When I was very young, my parents worked as night janitors at a law firm in Los Angeles. They often took me to work because they couldn’t afford childcare, and to keep my grumpiness at bay they zoomed me around in empty wastebaskets as if they were race cars and made up funny stories about the people who inhabited the offices by day. I remember falling asleep on my father’s jacket in the hallways while they mopped, vacuumed and dusted.
Those were difficult years for them and we had very little, but I was happy. We had a small TV on which I watched cartoons, and on weekends we drove along Pacific Coast Highway, marveling at the vast ocean. And though we lived in a tiny apartment in a cramped building in Koreatown with other immigrant families and the occasional cockroach, I had everything I needed.
When my brother was born a few years later, my dad secured a job as a machinist, making metal parts for cars, boats and airplanes. We moved into a small house in a working-class neighborhood in Norwalk.
As I started befriending the kids on the block, I became aware that our house looked like the others from the outside, but the inside couldn’t have been more different. We had very few possessions. In comparison, my friends lived in splendor. Exotic objects I’d only seen on TV filled their homes: cake stands on the dining table, Atari consoles in the den, Slip ’n Slides in the backyard.
When winter arrived, I was introduced to Santa — a figure completely foreign to my parents, who’d grown up in the countryside of South Korea. My friends bragged about all the bounty they expected from this overweight old man with a white beard (though they all knew his true identity), and so I ran home to tell my parents exactly what they needed to do: Go shopping to buy surprise gifts for me and my baby brother and place them under a Christmas tree while we slept.
Christmas morning arrived, and my parents had done exactly as I’d instructed. Gifts sat under our plastic Christmas tree. Except I’d neglected to mention several key details, so the gifts weren’t wrapped and they still bore their price tags. At 6 years old, I considered myself the family expert on American life, so I lectured my parents on how to improve their Santa game for the next year.
I also taught them how to organize my party for my 7th birthday so it would be just like the ones my friends had. I instructed them to buy a cake with frosting and candles, buy me a fancy dress with a bow in the back, and — most importantly — call my friends’ parents to inform them about the event. They did exactly as I said, except they hadn’t mentioned to anyone that it was my birthday party, so the kids arrived with no gifts, wearing nothing special.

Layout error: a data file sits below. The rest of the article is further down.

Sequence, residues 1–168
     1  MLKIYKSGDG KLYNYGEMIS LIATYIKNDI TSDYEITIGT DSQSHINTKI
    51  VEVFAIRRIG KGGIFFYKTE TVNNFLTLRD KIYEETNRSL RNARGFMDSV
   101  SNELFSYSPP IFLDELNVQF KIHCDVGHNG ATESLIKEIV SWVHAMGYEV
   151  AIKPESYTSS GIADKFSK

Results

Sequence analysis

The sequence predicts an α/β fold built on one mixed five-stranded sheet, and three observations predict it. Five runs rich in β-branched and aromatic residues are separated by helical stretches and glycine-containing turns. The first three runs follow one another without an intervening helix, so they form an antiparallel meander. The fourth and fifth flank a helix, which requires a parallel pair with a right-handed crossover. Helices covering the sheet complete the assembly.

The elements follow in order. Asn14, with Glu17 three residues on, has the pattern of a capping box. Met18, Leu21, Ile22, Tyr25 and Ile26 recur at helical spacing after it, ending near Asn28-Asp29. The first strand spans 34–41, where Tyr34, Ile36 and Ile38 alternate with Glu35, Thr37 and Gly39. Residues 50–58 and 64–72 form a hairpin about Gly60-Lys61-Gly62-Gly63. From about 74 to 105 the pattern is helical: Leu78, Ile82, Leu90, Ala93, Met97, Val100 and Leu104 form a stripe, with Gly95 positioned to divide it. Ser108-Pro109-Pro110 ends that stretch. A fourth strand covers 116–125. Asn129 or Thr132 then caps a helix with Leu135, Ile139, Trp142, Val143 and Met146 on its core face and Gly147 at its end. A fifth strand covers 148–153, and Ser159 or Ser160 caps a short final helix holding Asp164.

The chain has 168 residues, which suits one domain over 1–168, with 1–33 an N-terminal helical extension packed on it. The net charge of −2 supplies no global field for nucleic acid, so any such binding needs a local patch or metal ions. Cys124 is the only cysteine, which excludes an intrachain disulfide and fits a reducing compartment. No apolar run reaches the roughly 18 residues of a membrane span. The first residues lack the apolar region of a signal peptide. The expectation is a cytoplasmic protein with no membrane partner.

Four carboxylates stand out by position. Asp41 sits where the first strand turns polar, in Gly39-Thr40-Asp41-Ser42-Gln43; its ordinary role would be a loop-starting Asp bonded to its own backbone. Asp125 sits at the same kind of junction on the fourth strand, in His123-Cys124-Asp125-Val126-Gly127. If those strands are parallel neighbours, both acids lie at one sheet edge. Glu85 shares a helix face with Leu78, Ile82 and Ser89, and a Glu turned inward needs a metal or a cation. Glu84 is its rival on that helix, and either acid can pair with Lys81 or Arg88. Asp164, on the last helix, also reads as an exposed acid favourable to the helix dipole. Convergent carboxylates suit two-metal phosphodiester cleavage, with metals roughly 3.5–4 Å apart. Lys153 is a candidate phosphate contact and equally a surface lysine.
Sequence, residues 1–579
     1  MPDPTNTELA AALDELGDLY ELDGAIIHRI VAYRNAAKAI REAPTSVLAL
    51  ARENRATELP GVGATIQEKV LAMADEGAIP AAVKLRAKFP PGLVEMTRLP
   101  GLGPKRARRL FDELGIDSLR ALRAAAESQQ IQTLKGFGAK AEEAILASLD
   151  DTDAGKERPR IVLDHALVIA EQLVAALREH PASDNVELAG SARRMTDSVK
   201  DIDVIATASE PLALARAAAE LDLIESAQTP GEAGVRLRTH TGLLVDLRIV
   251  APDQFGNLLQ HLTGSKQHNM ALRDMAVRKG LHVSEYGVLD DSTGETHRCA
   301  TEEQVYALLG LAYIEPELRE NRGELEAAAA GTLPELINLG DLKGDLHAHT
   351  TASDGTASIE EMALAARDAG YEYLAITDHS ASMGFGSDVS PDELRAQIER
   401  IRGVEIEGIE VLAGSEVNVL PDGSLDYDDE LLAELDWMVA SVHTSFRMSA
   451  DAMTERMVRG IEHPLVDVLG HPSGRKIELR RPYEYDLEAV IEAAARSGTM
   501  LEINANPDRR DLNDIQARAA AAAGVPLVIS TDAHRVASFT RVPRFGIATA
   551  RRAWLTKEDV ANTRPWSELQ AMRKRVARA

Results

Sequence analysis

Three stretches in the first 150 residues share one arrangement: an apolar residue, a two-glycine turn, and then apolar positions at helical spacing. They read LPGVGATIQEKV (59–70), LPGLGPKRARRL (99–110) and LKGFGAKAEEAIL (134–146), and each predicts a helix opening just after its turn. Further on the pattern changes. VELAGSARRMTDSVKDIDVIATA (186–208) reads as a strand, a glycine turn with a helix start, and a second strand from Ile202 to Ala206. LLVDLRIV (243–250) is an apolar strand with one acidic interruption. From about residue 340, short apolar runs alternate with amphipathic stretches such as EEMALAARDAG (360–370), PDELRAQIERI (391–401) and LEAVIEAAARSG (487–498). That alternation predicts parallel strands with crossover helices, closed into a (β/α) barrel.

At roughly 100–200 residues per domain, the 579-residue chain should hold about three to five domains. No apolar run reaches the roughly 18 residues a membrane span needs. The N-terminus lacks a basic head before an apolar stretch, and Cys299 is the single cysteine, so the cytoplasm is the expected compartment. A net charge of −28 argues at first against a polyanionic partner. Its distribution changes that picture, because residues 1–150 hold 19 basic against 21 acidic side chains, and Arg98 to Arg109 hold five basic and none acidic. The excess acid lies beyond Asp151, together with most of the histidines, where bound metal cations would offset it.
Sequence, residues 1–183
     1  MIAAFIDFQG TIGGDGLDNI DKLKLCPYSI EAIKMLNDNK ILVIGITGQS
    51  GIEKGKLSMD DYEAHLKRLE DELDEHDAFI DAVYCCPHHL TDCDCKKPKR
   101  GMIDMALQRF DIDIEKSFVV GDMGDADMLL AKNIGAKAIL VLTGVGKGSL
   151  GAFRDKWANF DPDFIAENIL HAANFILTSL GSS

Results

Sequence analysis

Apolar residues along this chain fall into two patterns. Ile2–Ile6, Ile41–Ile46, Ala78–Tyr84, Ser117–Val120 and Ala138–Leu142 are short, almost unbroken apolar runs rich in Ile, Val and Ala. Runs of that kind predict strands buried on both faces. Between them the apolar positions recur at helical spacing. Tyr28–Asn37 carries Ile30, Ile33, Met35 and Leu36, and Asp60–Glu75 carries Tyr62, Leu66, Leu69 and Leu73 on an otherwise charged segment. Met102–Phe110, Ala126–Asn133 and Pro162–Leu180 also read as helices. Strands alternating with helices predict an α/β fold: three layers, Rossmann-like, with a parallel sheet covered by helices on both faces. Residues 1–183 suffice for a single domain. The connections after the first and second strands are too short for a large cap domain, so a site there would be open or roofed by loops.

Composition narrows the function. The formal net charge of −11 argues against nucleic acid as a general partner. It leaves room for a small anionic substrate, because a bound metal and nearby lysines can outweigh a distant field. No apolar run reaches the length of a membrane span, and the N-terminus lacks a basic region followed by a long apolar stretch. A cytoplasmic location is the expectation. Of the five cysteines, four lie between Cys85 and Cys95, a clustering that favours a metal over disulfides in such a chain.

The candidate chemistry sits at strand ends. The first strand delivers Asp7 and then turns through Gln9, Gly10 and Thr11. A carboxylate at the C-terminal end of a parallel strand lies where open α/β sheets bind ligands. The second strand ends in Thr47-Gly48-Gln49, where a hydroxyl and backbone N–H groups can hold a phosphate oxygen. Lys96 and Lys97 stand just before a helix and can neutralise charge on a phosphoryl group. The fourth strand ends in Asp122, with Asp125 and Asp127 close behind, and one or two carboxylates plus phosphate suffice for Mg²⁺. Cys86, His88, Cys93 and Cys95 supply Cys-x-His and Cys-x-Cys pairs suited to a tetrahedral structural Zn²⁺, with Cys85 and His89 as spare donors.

I spent the entire party sulking. When our guests left, my mom gently explained that requiring people to bring gifts would be greedy and inelegant. The presence of our friends was enough of a gift. That night, she prepared a traditional Korean birthday meal for me — rice with seaweed soup and side dishes. For dessert, we had tangerines.
I remember crying myself to sleep. Would we ever be American?
As a child, I thought being American meant to go shopping, to fill our home with objects of desire to show off to visitors. This was the clear message I received from TV and magazines, and even most grown-ups seemed to have adopted this as the shining truth, dreaming of fancier cars and bigger homes.
As I grew older, I promised myself that I would make up for the years of deprivation. Memories of my parents’ toil defined my life, propelling me to attend Yale University and eventually become a corporate lawyer. I treated my parents to vacations and chipped away at their mortgage.
I was also finally able to pursue what I thought defined the American Dream for those around me: a life of stability and comfort in a beautiful home full of gleaming objects. I believed that Treat Yo’self was synonymous with the American Dream, and so I spent one of my first paychecks on a Cartier watch, which set the tone for years of shopping.
But as the decades passed and a sense of dissatisfaction lingered, I came to realize that I was living someone else’s dream, shaped by advertisements and social pressures to be like everybody else. No object I could buy would ever satisfy my hunger for wonder and meaning. The pursuit of unneeded possessions had helped bury my truest, deepest desire: I had always wanted to be a writer. I loved stories for their ability to transport me into different lives, different worlds. I had sporadically tried to establish myself as a children’s book author, but the constant rejections wore me down. A trip to the mall always made me feel better. Temporarily.
Then one night about five years ago, I was driving down Wilshire Boulevard and the past suddenly burned bright, bringing to the fore the lesson my parents taught me on those long, late nights when they cleaned offices: No matter who you are or what your background, with hard work and imagination, you just may attain your truest and deepest dream. I recognized my American dream was to write books that could make a reader’s imagination soar, as mine did on those long-ago evenings with my parents.
Helena Ku Rhee’s children’s book, “The Paper Kingdom,” is based on her childhood when her parents worked as night janitors.